I haven’t been off for years – a little over a year maybe – and it does start to feel monk-ish. It’s been an interesting experiment, especially when you run into people in real life who are still on various platforms and didn’t even realize you’ve checked out. There’s sometimes an awkward back and forth when you try and figure out what to talk about when they discover that you’re not up to date with everything they’ve been seeing daily in their feed.

But even as my personal wellness grows, I see a risk in this change.

You could argue that these decisions removed me from the arena. I detached from the mainstream of conversation. I stopped watching TV. I stopped looking at Facebook and Twitter. I silenced my voice on the platforms where the conversation was happening because of the strings, risks, and side effects they created in return.

This detachment wasn’t just in politics. It was also true of how I shared my personal life. Milestones for me and my family were left unshared beyond our internet dark forests, even though many more friends and members of our families would’ve been happy to hear about them.

While I too feel the sense of better overall ‘wellness’, I don’t know that I feel or see the same associated risks. One thing I do think could become – or possibly already is – a problem is that people become continually more ‘siloed’ in their respective ‘dark forests’ and channels, leading to increased polarization – if that’s even possible. In much the same way algorithms are currently gaming people to reinforce biases or think certain ways, if they get comfortable only with the viewpoints found within the familiarity of their own ‘dark forests’, could it become even harder to see and or consider other viewpoints?

It’s possible, I suppose, that a shift away from the mainstream internet and into the dark forests could permanently limit the mainstream’s influence. It could delegitimize it. In some ways that’s the story of the internet’s effect on broadcast television. But we forget how powerful television still is. And those of us building dark forests risk underestimating how powerful the mainstream channels will continue to be, and how minor our havens are compared to their immensity.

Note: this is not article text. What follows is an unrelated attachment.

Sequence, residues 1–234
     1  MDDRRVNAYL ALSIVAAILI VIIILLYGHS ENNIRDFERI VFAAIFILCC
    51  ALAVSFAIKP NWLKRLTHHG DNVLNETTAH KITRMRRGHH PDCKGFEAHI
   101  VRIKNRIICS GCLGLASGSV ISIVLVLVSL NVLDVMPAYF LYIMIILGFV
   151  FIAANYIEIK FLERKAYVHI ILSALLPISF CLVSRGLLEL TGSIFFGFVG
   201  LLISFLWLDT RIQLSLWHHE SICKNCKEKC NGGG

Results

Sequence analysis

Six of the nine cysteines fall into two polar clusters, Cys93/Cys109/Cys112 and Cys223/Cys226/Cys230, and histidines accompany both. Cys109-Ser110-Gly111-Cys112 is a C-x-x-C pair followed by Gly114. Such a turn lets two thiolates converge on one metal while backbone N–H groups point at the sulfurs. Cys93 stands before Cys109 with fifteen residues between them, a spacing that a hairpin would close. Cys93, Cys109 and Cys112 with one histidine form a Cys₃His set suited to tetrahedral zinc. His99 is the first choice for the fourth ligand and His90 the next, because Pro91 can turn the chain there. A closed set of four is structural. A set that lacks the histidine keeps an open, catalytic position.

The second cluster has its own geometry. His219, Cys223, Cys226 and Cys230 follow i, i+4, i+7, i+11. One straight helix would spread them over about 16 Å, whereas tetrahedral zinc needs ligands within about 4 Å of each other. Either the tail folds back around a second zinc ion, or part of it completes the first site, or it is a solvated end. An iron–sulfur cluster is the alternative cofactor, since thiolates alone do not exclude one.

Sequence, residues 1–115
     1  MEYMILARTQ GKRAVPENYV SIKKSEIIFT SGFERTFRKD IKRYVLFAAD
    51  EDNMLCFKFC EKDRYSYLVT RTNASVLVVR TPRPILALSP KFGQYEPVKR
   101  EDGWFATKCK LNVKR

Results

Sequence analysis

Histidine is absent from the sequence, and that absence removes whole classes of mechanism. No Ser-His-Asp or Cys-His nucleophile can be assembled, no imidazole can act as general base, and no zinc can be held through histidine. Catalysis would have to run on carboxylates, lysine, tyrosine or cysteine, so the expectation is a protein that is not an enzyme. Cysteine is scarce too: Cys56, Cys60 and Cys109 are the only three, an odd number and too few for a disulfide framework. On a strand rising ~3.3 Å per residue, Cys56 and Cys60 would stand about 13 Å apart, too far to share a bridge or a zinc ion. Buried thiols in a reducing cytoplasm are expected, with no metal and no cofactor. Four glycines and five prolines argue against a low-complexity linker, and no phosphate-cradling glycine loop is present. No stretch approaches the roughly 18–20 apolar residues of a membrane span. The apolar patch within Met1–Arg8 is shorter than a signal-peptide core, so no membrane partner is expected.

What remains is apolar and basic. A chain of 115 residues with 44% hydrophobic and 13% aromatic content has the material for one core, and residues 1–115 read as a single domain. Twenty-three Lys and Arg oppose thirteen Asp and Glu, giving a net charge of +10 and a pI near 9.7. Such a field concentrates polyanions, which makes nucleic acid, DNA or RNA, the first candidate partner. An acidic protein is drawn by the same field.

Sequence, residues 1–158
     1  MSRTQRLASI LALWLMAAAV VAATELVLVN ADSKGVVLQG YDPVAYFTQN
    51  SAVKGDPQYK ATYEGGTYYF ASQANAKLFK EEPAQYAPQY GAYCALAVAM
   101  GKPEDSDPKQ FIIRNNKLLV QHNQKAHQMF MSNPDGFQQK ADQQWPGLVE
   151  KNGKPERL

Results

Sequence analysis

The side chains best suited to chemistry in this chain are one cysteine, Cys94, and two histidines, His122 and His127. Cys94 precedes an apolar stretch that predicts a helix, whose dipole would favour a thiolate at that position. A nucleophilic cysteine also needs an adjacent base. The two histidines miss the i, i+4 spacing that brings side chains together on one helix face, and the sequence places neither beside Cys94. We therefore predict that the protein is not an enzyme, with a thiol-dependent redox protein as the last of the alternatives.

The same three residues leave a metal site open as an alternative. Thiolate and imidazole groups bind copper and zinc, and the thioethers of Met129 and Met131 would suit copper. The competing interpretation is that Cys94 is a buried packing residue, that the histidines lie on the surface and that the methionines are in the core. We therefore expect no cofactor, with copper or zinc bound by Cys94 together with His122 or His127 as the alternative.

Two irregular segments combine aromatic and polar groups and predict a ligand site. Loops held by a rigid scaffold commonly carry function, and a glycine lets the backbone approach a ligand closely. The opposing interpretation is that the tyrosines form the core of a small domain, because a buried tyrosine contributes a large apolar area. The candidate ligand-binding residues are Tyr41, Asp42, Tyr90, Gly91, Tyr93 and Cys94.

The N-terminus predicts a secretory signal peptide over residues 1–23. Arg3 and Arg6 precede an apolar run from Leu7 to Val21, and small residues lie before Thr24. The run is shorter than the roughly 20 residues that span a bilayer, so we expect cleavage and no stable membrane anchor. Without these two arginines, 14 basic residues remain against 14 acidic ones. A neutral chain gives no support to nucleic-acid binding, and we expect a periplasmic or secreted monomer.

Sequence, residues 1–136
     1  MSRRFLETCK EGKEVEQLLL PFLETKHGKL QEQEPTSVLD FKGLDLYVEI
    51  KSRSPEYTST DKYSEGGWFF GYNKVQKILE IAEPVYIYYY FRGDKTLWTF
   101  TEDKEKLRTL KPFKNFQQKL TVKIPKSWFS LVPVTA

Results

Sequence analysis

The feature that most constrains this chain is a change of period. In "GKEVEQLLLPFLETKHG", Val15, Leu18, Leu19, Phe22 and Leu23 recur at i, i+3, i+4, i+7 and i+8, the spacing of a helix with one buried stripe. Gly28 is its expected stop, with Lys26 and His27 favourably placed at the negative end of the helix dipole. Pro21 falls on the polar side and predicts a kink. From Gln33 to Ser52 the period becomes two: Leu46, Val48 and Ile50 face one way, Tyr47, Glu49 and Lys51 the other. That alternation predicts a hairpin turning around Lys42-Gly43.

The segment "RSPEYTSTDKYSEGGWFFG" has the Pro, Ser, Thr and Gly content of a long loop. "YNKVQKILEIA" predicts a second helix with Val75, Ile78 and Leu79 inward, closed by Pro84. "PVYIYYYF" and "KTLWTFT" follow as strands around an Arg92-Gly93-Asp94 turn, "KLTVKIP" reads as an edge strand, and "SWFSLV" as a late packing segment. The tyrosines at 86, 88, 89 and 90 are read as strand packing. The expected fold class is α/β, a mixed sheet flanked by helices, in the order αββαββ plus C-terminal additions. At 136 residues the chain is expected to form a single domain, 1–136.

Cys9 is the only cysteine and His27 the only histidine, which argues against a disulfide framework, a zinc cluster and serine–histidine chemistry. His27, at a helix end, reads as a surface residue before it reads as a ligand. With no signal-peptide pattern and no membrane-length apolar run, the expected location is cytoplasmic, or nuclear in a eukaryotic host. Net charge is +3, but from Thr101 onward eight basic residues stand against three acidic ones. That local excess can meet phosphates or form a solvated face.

I think there’s a giant hole waiting to be filled by whomever can figure out how to optimize the social aspects of the internet for the good of humans instead of the corporations – pretty much everything Douglas Rushkoff has been talking about with his Team Human project. Like the impending crisis of climate change though, it will take wholesale changes on a massive scale by businesses – and possibly even government involvement – to change the direction and business models towards the interests of the users vs. treating them as product – a huge ethical leap to take.

I myself haven’t been hanging out in many ‘Internet Dark Forests’ – save maybe listening to more podcasts – something that Strickler mentions as an emerging channel for people to cloister themselves within online. Aside from my posts here and selective reading, I’ve been staying away from screens altogether and trying get out more into the literal ‘forests’ of both green and humanity to rediscover and experience what is there.

Strickler’s article and conclusions are thought-provoking though, and clearly highlight the direction things are going. It will be interesting to see how it all plays out, especially if the ‘side channels’ become prevalent enough that advertisers and corporations no longer feel they’re getting their bang-for-the-buck from the mainstream firehose of the Internet.

Digital Contributing to Climate Crisis

Gerry McGovern writes in his latest newsletter: Digital Contributing to Climate Crisis:

According to “The Cost of Music,” a joint study penned by the University of Glasgow and the University of Oslo, greenhouse gases were recorded at 140-million kilograms in 1977 for music production activities (vinyl; plastic packaging). Moreover, they were at 136 million kilograms in 1988 and 157 million in 2000. In 2016, the age of streaming, greenhouse gases were estimated between 200- and 350-million kilograms in the U.S. alone.

“Storing and processing music online uses a tremendous amount of resources and energy,” Dr. Kyle Devine, an associate professor in music from the University of Oslo explained, “which has a high impact on the environment.”